Emoticons are ASCII symbols designed to show an emotional state. Some people overuse them, but we rarely see emoticons in banking correspondence and we think that's a shame. We propose a branch can be represented as; _^ ^_, an ATM as /*, a wise banker as (^~_~^), a banker after seeing his paycheck as ;-|, and a banker exiting a regulatory exam as :-((. We don't have an emoticon for the yield curve, but it is designed to show interest rates across different contract or maturity lengths. The curve shows the relationship between the level of interest rates (cost or yield) and the time to maturity (or term). The term structure of interest rates shows expectations of investors about future levels of interest rates for a spectrum of maturities. The reason the term structure of interest rates is important for community bankers, especially today, is because the short end of the curve is so low. This makes short term asset yield prohibitively unprofitable, so bankers are drawn to longer maturities (terms) as they seek out higher yielding assets. Unfortunately, going too far exposes banks to interest rate risk. It would be great if bankers could choose their desired duration within each asset category. Then the bank could be on the desired term structure, with the appropriate duration, given the liability mix for that bank. This is in fact theoretically possible with securities. For loans, however, it is difficult to sell that which is not in demand from customers. Here borrowers dictate loan duration and right now given such low rates, they want loans that are 5 to 20 year maturities. Bankers should not feel they are stuck with the term structure in demand from borrowers. In today's banking environment, lenders can convert any fixed rate loan to a floating rate and eliminate interest rate risk. This can be done immediately, or after an initial term (say 2 years). In this case, the yield to the bank is initially higher, but the future interest rate risk is eliminated with a floating structure that starts 2Ys from now (but is locked in now at a given spread). If that still isn't fancy enough for you, consider offering a fixed rate to the borrower that converts to a floating rate in the future that is then converted back to a fixed rate to the bank. This option could be used if the bank does not believe that the borrower will keep the loan for the entire duration and wants to increase the floating rate yield by hedging only the middle portion of the loan. Finally, income can also be pushed forward without an out-of- pocket expense to the borrower. Here, we pay you a fee that can add up to 1.5% of the loan amount that might be considered noninterest income. For many banks, a loan fee recognized in the first period can be quite :-)).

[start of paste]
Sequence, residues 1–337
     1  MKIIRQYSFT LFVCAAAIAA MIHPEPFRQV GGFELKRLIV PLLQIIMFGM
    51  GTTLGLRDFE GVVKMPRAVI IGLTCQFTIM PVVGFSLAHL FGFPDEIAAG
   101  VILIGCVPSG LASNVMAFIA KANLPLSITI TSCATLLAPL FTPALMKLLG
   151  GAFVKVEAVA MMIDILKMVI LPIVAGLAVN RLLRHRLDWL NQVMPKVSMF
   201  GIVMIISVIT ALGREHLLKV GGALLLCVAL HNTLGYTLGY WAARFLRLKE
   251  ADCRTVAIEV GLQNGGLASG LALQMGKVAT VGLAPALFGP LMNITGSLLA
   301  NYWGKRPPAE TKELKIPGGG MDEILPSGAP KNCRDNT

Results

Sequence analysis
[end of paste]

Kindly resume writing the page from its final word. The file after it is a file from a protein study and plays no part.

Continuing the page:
In closing, we remind all the bankers that in the Chinese calendar this is the year of the ~>')~~~~~~, so enjoy it. As for banks that would like to better understand how the options above are being used, sign up to any of the three webinars listed in our Related Links section on the bottom right and we will show you.